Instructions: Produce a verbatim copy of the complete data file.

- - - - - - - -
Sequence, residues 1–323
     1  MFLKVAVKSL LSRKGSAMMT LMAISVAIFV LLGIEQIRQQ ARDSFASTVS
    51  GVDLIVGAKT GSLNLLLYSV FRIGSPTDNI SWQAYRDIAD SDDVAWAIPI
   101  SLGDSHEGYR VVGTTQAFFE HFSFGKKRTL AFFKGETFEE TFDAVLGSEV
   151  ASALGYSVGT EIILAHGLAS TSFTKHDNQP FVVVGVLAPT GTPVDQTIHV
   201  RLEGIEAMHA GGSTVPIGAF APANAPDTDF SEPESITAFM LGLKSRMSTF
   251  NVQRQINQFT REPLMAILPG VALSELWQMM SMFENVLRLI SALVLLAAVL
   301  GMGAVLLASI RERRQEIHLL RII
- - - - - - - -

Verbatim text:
Sequence, residues 1–323
     1  MFLKVAVKSL LSRKGSAMMT LMAISVAIFV LLGIEQIRQQ ARDSFASTVS
    51  GVDLIVGAKT GSLNLLLYSV FRIGSPTDNI SWQAYRDIAD SDDVAWAIPI
   101  SLGDSHEGYR VVGTTQAFFE HFSFGKKRTL AFFKGETFEE TFDAVLGSEV
   151  ASALGYSVGT EIILAHGLAS TSFTKHDNQP FVVVGVLAPT GTPVDQTIHV
   201  RLEGIEAMHA GGSTVPIGAF APANAPDTDF SEPESITAFM LGLKSRMSTF
   251  NVQRQINQFT REPLMAILPG VALSELWQMM SMFENVLRLI SALVLLAAVL
   301  GMGAVLLASI RERRQEIHLL RII